As one of the world's premier inshore regattas, Yachting Key West Race Week always offers some important lessons to be gleaned on the racecourse. In general, participants at this year's eventwhich saw a record 327 entries in 18 classesacknowledged the weather was very unlike "normal" Key West conditions, with light and shifty breezes rarely topping 12 knots except on the final day. These unusual conditions put an emphasis on course management, particularly on keeping your boat in clear air, and that required a head-out-of the-boat attitude.
For most of the week in mid January, a persistent high-pressure ridge to the north kept the wind oriented out of the northeast-to-east quadrant, with a gradual shift toward the southeast as the week wore on. Of course, what defines "normal" is certainly subject to debate, but most race weeks over the14-year history of this event have had at least a few days of solid breeze, generated by either an approaching or passing midwinter frontal system.
Participants at this event traditionally gear-up and prepare for a breezy week of sailing, optimizing their crew weights, sail inventories, deck gear, and even ballasting for such conditions. Stephan Kandler of the French IMS 50-footer Krazy K-Yote was one such competitor, saying "I have been here before, and we all understood that this is typically a windy regatta, so we set the boat up for that." Kandlers boat struggled in the light air, while Makoto Uematsu's Farr 50 Esmeralda, which excelled in Hawaiis breezy Kenwood Cup last summer, was actually set up with less righting moment and purposely configured for more all-around performance. Under direction from skipper Ken Read, the green machine won the IMS class despite its sail plan with smaller headsails.
Apart from basic boat set-up, another important factor for success in Key West came into play on the water. With light air, big fleets, and some sizeable shifts, much of the racing became a tactician's game to decide where to start, what sides to play, and how to keep clear air in lanes of traffic.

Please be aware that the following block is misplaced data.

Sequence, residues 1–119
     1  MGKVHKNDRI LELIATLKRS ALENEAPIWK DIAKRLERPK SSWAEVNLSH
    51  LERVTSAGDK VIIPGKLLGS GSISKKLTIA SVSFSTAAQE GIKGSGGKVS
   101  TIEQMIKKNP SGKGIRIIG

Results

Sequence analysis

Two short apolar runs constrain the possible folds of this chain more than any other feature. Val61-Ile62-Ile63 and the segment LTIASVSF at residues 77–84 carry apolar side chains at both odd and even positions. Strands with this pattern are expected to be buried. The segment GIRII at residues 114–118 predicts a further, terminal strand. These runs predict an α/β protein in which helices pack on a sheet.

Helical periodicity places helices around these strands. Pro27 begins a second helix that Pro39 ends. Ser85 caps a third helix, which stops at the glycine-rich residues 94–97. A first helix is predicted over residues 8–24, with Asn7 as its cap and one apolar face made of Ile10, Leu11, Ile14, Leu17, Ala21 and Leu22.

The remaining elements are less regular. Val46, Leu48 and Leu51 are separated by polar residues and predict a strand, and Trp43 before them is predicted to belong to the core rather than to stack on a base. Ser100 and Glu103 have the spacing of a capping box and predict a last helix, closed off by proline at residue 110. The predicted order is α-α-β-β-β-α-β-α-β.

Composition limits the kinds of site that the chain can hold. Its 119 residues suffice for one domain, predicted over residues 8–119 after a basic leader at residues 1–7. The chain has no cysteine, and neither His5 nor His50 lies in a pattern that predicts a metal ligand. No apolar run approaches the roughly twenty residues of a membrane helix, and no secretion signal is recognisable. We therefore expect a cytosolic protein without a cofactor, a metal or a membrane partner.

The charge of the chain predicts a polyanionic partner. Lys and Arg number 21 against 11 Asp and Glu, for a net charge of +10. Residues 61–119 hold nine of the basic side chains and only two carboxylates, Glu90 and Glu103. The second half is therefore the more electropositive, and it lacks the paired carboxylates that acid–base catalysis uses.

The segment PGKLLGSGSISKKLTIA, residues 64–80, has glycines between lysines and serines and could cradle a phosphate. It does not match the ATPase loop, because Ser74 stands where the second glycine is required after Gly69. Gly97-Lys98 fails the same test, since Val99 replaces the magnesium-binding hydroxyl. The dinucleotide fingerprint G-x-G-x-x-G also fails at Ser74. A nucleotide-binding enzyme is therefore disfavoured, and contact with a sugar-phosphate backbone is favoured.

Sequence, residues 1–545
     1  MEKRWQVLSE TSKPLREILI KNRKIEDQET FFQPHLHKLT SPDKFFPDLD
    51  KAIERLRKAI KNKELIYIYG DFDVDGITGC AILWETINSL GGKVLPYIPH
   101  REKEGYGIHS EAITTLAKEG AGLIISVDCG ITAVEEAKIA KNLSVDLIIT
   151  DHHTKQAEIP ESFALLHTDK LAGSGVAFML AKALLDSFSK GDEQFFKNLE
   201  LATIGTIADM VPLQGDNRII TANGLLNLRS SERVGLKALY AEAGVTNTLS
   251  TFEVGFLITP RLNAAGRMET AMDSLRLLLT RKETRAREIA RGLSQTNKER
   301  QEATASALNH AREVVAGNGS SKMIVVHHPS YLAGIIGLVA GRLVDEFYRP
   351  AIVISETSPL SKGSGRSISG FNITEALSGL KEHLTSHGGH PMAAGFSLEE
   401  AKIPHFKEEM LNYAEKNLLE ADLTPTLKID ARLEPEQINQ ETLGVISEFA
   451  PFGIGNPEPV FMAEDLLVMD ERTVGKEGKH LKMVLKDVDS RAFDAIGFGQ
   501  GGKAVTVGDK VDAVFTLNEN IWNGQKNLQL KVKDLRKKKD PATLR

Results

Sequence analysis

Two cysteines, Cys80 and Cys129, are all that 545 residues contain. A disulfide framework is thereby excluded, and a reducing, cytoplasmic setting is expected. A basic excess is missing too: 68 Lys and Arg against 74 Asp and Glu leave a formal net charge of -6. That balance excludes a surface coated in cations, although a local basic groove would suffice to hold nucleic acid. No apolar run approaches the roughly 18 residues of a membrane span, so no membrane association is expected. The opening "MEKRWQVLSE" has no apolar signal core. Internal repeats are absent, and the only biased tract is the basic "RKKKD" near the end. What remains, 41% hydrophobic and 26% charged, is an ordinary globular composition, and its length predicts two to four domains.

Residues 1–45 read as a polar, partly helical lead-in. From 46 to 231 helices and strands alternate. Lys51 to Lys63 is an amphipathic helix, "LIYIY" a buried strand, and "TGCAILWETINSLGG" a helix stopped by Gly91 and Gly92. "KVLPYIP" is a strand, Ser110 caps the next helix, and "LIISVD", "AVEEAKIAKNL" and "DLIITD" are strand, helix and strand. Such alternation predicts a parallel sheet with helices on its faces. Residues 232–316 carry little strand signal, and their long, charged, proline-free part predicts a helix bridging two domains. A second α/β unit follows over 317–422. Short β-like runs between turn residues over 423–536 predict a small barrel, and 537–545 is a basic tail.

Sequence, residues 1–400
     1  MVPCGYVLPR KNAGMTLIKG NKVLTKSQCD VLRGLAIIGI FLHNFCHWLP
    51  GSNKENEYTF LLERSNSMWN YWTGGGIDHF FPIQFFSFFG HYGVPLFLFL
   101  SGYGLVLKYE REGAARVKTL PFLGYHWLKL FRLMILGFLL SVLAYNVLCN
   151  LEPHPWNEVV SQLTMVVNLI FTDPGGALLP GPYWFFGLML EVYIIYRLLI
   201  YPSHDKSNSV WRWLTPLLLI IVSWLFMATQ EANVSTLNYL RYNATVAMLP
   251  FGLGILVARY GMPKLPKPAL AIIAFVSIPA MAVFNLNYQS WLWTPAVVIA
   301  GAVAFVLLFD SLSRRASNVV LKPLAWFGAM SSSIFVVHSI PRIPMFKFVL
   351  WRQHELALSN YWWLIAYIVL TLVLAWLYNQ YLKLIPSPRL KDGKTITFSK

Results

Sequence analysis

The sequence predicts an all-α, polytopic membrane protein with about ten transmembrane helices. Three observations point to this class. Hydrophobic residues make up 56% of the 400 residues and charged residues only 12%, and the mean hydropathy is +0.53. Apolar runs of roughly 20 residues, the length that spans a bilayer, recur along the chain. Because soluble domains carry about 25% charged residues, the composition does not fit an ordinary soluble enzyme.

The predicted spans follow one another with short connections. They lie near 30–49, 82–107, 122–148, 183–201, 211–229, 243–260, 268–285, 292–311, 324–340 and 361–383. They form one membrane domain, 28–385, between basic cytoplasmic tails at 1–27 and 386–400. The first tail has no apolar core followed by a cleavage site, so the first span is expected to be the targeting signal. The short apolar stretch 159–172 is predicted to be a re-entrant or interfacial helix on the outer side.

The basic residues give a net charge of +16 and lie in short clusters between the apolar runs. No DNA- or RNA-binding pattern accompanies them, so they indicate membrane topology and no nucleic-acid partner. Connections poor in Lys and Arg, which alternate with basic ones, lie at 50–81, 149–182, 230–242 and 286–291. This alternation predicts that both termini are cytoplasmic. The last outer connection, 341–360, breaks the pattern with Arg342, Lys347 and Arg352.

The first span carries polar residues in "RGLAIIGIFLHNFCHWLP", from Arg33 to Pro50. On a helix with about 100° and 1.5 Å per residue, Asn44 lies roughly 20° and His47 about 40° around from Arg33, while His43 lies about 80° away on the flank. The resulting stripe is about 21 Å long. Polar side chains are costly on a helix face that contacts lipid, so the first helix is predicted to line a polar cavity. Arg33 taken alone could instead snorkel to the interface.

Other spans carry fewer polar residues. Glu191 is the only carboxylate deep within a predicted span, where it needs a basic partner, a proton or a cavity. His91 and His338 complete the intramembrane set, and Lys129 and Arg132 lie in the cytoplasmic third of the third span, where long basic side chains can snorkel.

Here are some observations from competitors on different course areas at the event. Some were winners, some were not, but the spectrum of views expressed here illustrates how each of the four course areas had a unique flavor.
Division I (IMS, 1D35, & PHRF Classes 1-5) In light-air regattas, there is a tremendous effort to try to evaluate the weather, since each little puff or shift can translate to significant losses or gains on the racecourse. As an Olympic coach, Rolex Award-winner, and self-trained weather guru, Ed Adams, sailing on board Fred and Steve Howe's San Diego-based 1D35 Kaizen, has seen many different big-fleet competitions in a variety of venues, including Key West. Throughout the week he arose well before dawn to provide detailed weather analyses for a variety of boats on the various course areas, and each morning issued a forecast based on his assessment of the big picture, as well as what he knew of the micro-climates around Key West. In these forecasts, he also evaluated and explained the previous day's weather and how or why it may have deviated from his forecast.
His Wednesday morning forecast read: "The computer models are calling for a softer breeze today, and a veering trend until mid-afternoon
. Yesterday, the Gulf Stream trough persisted longer than expected. In the showers, the wind was right-shifted and windier, and after the passing of the showers it was left-shifted and lighter. Those fluctuations were dramatic because the showers passed nearly overhead, instead of brushing by to the south, as expected. When the sky opened for a short while on the right side of the course in the second race, a right shift with pressure filled as the open sky brought down gradient from aloft. All of the things you learned from yesterday should apply to today's racing
right shifts in the showers, left shifts in their wake
possible short-lived wind into the upper teens should a shower pass directly overhead
and right pressure with the blue sky."
Division 2 (PHRF Classes 6-10 and J/80s ) As the racecourse situated farthest to the east, the classes on this circle were often described as competing in "Stock Island Race Week," after the berthing area for many of the competitors. This position relative to the other areas produced subtle changes in the breeze behavior and current, particularly early in the week when the wind was light and to the north of east.